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It's exclusive or (or XOR), corresponds to $x \oplus y := x+y \pmod 2$ for single bits, i.e., scalars. It is sometimes used for binary vectors as well, whereby two bitvectors of length $n$ $$ \mathbf{x}=(x_1,\ldots,x_n)$$ and $$ \mathbf{y}=(y_1,\ldots,y_n)$$ result in $$ \mathbf{x}\oplus \mathbf{y}=(x_1\oplus y_1,\ldots,x_n \oplus y_n) $$ i.e., a bitwise ...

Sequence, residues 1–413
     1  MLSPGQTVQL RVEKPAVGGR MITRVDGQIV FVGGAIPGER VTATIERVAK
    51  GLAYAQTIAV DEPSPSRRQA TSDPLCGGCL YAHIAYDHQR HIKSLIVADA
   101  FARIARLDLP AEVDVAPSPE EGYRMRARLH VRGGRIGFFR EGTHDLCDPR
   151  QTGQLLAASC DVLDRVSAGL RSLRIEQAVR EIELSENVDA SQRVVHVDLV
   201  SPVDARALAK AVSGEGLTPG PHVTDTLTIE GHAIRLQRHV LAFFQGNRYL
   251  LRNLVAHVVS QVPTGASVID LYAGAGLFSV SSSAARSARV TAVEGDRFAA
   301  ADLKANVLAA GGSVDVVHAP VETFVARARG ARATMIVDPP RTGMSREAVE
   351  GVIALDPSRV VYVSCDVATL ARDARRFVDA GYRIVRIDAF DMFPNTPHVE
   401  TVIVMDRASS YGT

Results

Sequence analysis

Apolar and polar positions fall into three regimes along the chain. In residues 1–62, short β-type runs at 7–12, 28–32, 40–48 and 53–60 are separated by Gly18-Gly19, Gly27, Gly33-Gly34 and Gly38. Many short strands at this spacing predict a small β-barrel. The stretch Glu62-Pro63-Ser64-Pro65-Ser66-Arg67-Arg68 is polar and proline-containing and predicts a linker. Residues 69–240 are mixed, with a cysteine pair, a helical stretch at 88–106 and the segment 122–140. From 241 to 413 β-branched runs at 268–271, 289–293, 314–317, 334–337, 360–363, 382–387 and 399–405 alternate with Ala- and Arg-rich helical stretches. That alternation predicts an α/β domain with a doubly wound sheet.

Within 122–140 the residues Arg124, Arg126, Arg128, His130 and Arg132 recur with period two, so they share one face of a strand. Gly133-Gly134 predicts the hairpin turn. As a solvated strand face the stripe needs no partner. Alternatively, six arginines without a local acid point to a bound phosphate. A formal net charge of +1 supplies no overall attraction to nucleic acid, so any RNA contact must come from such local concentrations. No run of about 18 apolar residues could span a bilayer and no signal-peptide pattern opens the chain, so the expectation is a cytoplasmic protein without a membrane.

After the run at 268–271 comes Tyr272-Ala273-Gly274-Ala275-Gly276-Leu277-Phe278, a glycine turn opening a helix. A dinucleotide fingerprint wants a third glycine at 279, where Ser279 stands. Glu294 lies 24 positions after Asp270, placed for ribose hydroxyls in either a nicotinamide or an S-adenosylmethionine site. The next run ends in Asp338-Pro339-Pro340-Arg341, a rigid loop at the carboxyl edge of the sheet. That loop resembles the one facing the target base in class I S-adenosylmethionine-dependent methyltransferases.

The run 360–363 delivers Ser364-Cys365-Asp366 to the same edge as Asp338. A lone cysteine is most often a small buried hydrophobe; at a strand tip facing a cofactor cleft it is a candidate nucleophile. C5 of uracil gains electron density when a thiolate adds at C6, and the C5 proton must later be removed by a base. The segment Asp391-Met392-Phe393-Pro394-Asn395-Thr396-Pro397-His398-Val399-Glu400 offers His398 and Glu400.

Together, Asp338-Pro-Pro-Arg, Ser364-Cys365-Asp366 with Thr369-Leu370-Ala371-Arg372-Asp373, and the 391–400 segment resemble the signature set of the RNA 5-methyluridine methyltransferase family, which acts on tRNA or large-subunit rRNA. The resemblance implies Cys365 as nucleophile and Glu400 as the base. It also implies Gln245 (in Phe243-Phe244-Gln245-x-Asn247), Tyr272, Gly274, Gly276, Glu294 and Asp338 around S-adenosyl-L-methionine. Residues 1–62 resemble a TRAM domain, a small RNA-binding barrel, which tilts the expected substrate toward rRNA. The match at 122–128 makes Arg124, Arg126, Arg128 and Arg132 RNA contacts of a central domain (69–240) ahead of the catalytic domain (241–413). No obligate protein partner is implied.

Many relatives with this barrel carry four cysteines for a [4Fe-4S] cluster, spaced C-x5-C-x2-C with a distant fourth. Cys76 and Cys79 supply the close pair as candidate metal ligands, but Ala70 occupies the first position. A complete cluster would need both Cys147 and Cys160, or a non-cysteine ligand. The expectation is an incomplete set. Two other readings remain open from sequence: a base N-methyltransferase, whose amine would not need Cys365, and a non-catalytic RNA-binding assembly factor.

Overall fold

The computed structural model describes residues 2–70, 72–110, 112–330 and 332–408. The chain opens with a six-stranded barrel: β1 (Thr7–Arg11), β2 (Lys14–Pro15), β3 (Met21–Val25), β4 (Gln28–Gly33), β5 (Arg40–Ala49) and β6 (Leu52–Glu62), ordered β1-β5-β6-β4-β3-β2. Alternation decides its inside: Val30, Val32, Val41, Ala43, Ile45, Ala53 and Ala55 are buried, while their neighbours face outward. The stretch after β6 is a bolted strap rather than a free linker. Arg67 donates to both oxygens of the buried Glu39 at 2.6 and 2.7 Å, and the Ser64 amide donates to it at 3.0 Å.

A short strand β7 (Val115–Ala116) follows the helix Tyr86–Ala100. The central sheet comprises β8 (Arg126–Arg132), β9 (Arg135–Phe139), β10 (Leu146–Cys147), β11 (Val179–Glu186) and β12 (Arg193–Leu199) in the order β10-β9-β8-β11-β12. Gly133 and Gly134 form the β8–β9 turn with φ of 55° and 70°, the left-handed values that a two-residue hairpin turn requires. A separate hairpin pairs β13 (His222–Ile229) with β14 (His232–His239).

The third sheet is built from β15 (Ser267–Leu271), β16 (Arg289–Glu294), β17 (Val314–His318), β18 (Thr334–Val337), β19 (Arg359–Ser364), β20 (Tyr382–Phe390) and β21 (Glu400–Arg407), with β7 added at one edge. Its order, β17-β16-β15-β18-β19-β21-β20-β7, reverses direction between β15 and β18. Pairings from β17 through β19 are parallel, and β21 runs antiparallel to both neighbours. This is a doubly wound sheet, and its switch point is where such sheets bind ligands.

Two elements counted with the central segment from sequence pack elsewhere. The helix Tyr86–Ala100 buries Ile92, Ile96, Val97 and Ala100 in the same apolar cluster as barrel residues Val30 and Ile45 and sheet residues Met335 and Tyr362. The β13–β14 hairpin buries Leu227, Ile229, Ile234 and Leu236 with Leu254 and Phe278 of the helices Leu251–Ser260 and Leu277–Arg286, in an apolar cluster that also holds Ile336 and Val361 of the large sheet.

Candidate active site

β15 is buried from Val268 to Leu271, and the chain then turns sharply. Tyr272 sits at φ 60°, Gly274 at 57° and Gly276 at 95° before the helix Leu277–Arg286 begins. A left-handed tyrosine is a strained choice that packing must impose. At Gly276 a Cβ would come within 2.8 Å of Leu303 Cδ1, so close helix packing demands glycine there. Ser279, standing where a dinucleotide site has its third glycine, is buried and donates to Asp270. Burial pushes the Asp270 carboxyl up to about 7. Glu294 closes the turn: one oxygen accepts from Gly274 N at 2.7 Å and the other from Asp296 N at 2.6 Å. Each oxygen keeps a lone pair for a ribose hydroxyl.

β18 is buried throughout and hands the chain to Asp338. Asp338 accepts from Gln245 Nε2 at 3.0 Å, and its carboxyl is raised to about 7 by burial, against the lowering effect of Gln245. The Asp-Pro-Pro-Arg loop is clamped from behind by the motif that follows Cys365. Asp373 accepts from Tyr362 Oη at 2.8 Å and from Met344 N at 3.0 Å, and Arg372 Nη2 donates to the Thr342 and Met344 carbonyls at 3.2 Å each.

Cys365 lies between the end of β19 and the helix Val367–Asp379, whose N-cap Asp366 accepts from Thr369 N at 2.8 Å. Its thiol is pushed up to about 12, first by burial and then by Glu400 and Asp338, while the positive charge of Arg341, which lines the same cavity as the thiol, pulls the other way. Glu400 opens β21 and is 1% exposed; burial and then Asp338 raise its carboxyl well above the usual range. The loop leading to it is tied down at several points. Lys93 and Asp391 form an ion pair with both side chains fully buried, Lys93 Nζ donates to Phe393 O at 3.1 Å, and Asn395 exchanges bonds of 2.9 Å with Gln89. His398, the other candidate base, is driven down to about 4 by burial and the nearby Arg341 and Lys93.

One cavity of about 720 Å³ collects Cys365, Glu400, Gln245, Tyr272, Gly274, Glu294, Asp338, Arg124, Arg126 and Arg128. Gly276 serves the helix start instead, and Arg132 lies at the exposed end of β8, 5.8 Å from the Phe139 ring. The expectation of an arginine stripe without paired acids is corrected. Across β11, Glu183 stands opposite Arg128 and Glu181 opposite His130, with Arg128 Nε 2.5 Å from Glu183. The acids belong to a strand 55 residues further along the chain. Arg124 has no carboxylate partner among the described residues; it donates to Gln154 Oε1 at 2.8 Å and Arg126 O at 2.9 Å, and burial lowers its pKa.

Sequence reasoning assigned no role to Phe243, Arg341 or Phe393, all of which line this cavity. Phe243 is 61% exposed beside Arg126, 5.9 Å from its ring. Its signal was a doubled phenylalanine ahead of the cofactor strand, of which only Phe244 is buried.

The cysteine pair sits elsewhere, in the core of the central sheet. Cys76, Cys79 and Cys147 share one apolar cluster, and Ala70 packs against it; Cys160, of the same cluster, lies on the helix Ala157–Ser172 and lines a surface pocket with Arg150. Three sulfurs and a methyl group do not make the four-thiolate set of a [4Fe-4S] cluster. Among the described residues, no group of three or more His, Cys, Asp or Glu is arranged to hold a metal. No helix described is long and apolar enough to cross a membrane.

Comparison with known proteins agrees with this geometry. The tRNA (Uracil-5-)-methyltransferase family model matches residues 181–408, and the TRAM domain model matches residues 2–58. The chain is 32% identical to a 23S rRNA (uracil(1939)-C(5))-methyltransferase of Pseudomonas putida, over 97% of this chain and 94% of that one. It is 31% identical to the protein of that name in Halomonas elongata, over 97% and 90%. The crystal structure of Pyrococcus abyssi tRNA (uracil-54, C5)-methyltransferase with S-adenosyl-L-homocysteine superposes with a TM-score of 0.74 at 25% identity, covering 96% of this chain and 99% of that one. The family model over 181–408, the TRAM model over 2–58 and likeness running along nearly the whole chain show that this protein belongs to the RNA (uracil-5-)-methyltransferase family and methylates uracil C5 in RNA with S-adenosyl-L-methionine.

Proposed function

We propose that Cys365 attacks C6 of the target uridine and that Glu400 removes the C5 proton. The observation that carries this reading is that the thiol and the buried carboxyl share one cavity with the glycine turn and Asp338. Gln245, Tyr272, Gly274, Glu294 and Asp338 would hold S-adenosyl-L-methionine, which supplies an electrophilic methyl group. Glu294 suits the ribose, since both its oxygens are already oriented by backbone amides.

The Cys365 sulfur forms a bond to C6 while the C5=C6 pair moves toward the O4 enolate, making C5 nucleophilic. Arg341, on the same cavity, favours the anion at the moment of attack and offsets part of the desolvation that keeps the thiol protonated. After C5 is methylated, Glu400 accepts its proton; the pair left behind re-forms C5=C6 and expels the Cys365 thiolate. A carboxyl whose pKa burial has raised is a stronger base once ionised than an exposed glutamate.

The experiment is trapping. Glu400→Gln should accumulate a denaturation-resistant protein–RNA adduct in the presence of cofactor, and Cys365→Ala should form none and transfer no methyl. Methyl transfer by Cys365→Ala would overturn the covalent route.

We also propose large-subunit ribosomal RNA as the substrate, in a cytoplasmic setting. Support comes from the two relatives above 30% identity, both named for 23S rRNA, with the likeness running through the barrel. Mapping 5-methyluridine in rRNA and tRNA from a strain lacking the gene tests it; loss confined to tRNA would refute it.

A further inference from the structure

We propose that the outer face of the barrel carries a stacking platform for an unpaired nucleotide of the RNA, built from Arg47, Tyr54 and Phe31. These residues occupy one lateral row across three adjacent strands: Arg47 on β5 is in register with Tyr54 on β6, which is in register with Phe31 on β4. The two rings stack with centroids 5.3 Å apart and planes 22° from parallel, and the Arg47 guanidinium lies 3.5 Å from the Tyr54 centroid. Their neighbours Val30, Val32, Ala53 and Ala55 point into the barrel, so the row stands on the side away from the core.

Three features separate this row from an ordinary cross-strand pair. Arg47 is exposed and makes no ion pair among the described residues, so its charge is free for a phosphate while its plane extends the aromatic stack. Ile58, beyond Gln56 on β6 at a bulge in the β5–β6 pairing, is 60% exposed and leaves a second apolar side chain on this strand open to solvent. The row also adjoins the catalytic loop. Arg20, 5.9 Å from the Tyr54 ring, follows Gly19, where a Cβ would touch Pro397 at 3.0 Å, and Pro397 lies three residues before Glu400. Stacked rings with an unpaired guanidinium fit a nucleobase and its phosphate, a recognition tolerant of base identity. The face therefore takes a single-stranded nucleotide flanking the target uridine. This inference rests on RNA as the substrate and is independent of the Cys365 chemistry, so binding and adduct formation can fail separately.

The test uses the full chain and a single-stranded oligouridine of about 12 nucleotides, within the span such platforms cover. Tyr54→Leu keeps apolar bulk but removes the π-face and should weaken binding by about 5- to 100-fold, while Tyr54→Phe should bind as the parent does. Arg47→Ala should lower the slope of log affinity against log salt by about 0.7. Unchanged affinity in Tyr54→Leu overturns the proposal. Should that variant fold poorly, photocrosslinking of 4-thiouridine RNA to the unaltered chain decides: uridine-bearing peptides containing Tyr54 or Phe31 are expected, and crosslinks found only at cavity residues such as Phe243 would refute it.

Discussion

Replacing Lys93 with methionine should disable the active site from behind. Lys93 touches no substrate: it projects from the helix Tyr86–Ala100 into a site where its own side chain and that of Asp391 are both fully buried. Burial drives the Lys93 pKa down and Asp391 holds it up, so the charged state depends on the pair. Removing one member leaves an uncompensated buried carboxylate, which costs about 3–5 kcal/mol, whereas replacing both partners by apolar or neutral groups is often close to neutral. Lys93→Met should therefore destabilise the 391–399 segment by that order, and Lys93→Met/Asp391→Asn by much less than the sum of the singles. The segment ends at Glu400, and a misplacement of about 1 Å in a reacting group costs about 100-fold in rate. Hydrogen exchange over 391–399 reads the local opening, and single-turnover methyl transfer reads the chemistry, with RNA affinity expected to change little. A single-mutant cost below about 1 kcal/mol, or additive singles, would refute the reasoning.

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The symbol of the circle with the + in it is one of many symbols for exclusive-or. XOR, EOR, EXOR, ⊻, ⊕, ↮, and ≢. Binary OR is true when either input is true; binary XOR is true when exactly one input is true. If both inputs are true, the XOR result is false. One property of this is that if either input bit flips, the output bit will also flip. That's sort ...



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